Considerations: If you are hiking the Inca Trail, June, July, and August have excellent weather conditions. You will have a good chance of witnessing the sunrise from the Sun Gate without mists often seen in other months. Although it’s cold at night, the moon is bright, the skies are clear, and it’s the perfect season for stargazing.
Weather: The month of November starts the rainy season. Rain doesn’t constantly fall from December to April, but January and February are the wettest months. Instead, it rains early in the morning and late afternoon. If you visit during the wet season, temperatures are warm, everything is green –and even the prices are lower.
Crowds: If you go to Machu Picchu during the rainy months, you will have a tranquil crowd-free experience.
Considerations: It’s the best time of year to see orchids. The drawbacks are:
- The trail is likely to be slippery
- Landslides can occur
- Mountain passes occasionally become blocked.
Also, keep in mind that the Inca Trail is off-limits in February when it closes each year for maintenance, and it re-opens again on March 1st.
Weather: The shoulder season is the time of year between a destination’s low and high seasons. For Machu Picchu, shoulder season includes the months of April, May, September, October, and November. During these months, the temperatures are pleasant with occasional light rain.
Crowds: It’s still busy, but it’s much quieter than the dry season. If you dislike the idea of crowds of people clogging up the trail, and you don’t mind light rain, the shoulder season is your best bet.
Considerations: The trail is relatively peaceful in April and May, just before the peak season begins. The rain eases off, and the cloud forests are lush and green. Waterfalls gush rather than trickle, and blossoming flowers line the trail.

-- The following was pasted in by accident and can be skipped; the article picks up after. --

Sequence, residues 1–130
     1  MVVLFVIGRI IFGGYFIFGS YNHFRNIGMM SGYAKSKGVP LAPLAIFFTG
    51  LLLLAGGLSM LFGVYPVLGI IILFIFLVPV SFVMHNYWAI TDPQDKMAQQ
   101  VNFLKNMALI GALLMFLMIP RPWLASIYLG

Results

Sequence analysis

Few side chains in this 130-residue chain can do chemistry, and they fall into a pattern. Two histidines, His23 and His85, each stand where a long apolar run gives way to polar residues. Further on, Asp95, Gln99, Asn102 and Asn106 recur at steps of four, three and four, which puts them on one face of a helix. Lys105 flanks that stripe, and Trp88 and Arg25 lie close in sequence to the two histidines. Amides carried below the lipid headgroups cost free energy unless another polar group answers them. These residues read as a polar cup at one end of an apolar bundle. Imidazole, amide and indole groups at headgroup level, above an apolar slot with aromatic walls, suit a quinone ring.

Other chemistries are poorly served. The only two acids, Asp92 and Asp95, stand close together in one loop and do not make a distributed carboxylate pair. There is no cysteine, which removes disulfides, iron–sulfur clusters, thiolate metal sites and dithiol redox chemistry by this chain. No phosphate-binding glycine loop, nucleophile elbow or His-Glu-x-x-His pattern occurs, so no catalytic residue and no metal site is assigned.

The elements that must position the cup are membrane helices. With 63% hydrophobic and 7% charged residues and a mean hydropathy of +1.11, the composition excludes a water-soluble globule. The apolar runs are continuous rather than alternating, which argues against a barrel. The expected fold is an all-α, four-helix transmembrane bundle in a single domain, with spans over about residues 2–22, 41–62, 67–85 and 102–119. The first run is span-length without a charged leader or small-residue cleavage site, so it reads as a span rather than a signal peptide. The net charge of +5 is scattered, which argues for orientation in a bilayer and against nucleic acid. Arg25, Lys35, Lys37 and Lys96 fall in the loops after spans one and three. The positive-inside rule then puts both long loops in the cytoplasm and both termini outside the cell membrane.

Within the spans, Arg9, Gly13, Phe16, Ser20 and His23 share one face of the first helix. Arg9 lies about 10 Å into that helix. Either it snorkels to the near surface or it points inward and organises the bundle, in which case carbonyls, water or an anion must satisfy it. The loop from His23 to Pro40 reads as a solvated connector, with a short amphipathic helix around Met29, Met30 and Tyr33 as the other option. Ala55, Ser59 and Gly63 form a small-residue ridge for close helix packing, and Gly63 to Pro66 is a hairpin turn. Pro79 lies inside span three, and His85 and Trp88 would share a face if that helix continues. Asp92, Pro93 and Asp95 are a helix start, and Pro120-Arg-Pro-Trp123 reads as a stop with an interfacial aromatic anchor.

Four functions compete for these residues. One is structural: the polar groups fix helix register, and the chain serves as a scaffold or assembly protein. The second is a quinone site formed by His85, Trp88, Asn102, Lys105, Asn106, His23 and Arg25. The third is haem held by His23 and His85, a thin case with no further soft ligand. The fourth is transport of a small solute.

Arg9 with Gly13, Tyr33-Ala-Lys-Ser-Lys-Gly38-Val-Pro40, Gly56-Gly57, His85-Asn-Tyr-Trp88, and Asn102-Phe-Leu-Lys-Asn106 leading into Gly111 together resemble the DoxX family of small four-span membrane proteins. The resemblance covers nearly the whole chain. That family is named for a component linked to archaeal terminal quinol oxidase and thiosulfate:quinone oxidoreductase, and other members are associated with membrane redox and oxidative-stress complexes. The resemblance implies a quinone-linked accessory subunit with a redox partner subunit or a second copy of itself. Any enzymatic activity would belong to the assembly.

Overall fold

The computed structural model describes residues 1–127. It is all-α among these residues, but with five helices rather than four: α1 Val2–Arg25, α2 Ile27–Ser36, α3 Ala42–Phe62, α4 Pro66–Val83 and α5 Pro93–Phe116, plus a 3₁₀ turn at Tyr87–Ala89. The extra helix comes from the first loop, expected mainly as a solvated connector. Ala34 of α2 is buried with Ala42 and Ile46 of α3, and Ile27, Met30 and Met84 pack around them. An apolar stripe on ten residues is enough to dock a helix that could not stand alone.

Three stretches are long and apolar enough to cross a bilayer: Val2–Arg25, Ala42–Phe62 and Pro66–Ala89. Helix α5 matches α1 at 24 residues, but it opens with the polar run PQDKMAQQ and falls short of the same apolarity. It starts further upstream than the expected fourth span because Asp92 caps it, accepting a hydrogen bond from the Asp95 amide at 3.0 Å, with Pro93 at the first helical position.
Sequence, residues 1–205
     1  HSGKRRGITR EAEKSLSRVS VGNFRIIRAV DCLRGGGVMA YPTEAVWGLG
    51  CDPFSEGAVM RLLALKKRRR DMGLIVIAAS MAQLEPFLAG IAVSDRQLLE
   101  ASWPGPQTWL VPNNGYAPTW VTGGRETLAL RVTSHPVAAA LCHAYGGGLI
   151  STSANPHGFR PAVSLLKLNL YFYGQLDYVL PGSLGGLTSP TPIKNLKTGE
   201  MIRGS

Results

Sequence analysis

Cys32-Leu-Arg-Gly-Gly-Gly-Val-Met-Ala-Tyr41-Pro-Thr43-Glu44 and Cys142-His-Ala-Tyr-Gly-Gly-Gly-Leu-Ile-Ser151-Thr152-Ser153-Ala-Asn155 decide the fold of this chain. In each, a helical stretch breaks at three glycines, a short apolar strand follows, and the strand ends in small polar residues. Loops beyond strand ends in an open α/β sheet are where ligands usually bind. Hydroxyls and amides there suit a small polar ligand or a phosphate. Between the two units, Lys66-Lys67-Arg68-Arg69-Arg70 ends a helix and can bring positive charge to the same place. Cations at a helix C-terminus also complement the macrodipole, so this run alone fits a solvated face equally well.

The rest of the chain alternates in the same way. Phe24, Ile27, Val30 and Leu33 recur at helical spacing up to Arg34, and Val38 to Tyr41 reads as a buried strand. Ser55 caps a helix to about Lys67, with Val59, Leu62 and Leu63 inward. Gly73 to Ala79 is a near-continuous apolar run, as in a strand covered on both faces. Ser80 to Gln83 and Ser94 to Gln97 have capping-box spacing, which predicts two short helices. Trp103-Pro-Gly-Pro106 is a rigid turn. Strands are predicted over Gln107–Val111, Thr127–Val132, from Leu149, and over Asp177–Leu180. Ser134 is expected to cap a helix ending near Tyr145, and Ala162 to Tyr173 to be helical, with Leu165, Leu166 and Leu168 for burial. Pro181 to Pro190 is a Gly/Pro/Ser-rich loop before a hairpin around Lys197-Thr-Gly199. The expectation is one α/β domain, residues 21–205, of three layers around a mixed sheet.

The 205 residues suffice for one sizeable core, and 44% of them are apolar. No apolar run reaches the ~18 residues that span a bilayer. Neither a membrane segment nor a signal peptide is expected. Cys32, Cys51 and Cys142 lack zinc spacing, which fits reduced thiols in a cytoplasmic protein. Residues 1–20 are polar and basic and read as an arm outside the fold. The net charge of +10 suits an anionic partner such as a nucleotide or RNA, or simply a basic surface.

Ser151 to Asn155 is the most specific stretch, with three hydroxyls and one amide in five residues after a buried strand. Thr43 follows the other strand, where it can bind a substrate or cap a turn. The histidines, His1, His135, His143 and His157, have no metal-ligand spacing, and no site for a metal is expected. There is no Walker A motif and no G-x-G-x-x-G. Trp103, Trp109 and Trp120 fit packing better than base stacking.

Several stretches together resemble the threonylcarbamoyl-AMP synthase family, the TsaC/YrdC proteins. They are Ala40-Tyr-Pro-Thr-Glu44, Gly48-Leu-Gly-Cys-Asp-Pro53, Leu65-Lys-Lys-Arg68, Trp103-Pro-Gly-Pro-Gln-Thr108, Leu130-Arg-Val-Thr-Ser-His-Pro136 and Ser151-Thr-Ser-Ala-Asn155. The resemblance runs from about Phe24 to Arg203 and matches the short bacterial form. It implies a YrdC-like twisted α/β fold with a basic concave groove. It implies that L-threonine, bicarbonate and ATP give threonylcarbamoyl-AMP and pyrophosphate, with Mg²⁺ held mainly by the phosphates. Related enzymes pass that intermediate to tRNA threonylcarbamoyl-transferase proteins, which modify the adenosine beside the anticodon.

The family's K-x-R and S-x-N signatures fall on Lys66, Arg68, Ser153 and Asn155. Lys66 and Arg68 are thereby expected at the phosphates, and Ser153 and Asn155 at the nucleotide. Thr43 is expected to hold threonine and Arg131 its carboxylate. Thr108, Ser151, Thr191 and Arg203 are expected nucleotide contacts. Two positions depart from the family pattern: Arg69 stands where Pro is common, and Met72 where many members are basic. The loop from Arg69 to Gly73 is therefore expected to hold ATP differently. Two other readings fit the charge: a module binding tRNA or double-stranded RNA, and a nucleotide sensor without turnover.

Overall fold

September and October bring more chance of rain, but the trail gradually becomes less busy, and temperatures rise. November can be pretty rainy, but there are far fewer people hiking.
Best Time of Day to Visit Machu Picchu
Not only do you have to consider the best months to visit Machu Picchu, but the best time of day is also important. The site is open from 6 a.m. to 5 p.m. daily. Your experience of a Machu Picchu trip depends on the time of day that you visit.
It’s a good idea to stay at a local hotel, rise early and arrive around 6 a.m. Even then, you won’t be able to escape the crowds entirely, as this time clashes with when the hikers arrive. It does, however, beat trying to swerve the swarms of people who roll up on the train a little later. Early morning also gives you a chance to capture a photograph of the sun rising over the mountains.
The busiest time of the day at Machu Picchu is 11 a.m. to 3. p.m. So, arriving after 3 p.m. is a good alternative. By then, the majority of the hikers and day-trippers are on their way back to Cusco on the train. Not only are you likely to be able to get some excellent people-free shots and a little solitude, but the late afternoon glow is exquisite.
- “Will new limits on visiting Machu Picchu save Peru’s most famous Inca Citadel” via The Telegraph
- “Historic Sanctuary of Machu Picchu” via UNESCO
- “Ten Interesting Facts about Machu Picchu” via World Wildlife Fund
- ”Machu Picchu” via Official Website Machu Picchu
- “Attraction: Machu Picchu” via Official Website Peru
- “Climate in Machu Picchu” via Weather and Climate